Hawaii has become the first state to mandate a move to 100% renewable energy. In a 74-2 vote by the Hawaiian legislature, lawmakers have passed a bill that requires the state to be 100% dependent on renewable energy by the year 2045. The bill reads, in part, “The purpose of this Act is to update and extend Hawaii’s clean energy initiative and renewable portfolio standards to ensure maximum long-term benefit to Hawaii’s economy by setting a goal of one hundred per cent renewable by 2045.”
Eliminating all carbon-based sources of electricity by 2045 could prove quite a challenge, as currently, 80% of Hawaii’s electricity is generated by oil. The state has the most expensive electricity rates in the country, thanks to having to import large quantities of oil to the islands. Reportedly, Hawaii pays 175% above the national average for their oil. The new law calls for 40% state dependence on renewable energy by 2030, and 70% by 2040.
Hawaii is the first state to make such a bold move toward renewable energy, and sets the bar for the rest of the country. California currently leads the way, where 20% of their electricity is from renewable sources such as solar and wind farms. In the United States as a whole, only about 13% of electricity is generated by renewable energy, divided as follows:
• Hydro Power = 6.3%
• Wind Power 4.4%
• Wood = 1%
• Biomass, Solar, and Geothermal = roughly 1.5%
Chris K. Lee, Democratic representative from Hawaii and Chairman of the House Energy and Environmental Protection Committee, stated that renewable energy currently in place in Hawaii already costs less than oil or other carbon based sources to produce, and “progress toward meeting our renewable energy standards has already saved local residents hundreds of millions on their electric bills.”
Approximately 12% of Hawaiians’ already have solar panels to help offset the high electricity cost. Home based solar systems are typically connected to the power grid in a way that allows excess electricity to be piped back into the grid, where it is utilized by the utility company. In return, residents often receive money back for their contribution.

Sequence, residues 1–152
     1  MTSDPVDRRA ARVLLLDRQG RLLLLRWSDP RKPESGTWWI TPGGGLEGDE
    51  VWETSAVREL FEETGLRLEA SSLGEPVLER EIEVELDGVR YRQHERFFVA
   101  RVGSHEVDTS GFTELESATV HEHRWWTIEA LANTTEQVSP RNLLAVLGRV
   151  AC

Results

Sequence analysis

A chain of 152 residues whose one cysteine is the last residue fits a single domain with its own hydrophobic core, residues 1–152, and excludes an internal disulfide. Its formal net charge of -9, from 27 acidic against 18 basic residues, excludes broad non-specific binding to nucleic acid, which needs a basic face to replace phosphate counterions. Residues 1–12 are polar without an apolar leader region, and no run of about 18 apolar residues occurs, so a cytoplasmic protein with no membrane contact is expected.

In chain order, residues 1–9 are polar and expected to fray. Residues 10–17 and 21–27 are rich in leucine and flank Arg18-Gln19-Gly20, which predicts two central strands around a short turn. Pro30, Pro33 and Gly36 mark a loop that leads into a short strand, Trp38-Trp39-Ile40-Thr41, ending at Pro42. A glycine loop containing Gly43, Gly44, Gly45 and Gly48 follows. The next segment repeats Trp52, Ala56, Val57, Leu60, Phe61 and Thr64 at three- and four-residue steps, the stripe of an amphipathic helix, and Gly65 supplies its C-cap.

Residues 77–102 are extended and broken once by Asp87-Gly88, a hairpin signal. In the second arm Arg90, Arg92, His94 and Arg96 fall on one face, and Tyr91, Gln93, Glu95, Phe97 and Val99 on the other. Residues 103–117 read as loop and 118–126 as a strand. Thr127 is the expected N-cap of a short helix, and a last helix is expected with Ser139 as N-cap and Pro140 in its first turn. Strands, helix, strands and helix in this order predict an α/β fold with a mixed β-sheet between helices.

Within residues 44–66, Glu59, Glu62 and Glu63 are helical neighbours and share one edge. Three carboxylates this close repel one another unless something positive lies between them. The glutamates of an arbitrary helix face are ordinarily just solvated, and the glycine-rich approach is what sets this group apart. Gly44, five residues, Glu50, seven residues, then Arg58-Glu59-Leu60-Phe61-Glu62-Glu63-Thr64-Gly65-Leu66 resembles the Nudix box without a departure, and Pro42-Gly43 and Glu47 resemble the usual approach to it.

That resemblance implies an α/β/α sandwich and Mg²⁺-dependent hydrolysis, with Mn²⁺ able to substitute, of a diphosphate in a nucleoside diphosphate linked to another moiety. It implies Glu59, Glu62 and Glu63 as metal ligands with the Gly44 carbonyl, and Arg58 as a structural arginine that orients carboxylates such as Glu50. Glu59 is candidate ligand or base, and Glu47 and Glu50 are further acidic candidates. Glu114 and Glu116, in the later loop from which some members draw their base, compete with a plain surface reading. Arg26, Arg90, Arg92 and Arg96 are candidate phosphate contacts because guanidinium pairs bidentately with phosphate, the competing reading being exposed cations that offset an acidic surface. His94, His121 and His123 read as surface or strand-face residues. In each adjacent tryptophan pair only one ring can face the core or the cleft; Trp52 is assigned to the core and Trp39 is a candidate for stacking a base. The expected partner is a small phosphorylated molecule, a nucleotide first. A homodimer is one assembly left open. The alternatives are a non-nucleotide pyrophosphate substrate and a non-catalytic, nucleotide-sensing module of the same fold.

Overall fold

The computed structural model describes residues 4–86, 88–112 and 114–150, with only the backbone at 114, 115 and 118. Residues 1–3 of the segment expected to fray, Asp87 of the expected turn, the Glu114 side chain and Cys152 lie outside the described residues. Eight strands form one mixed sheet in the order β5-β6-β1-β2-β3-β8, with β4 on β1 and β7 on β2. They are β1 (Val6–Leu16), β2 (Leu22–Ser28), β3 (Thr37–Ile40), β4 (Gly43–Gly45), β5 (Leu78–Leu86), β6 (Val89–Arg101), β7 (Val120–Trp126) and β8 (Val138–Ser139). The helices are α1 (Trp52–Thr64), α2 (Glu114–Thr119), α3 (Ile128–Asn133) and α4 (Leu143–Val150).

Initially, Hawaiian Electric Company, the states’ sole provider, pushed back by not allowing residents with solar panels to connect to the power grid. But representative Chris Lee held open debates and negotiations with the utility company, resulting in everyone now being permitted access. The utility company is now on board, and all are working together to meet the states’ renewable energy goals.
The law paves the way for new solar farms to be built that will power thousands of homes and businesses. Currently, 8 new solar farms are planned for Oahu. There are also plans to upgrade the states’ entire power grid as part of the renewable energy initiative. They will be adding the latest battery technology to store gathered electricity as part of a “smart grid” system. The system will use lithium-ion type batteries, produced by companies like AES, as we’ve previously covered.
This is the same technology used in your mobile phone, but much larger, implemented in a distributed array system. This type of lithium-ion grid system is beginning to catch on with power companies for storing electricity during low-demand periods, such as at night, and releasing it when power demand rises throughout the day.
The Hawaiian renewable energy effort is ambitious, with the most difficult part of the plan expected to be the 30% jump to be implemented between 2030 and 2040. However, as technology continues to improve both the efficiency of renewable energy sources and the storage systems used to harness the power, Hawaii may well meet that final 2045 deadline, and be the first state that uses 100% clean energy.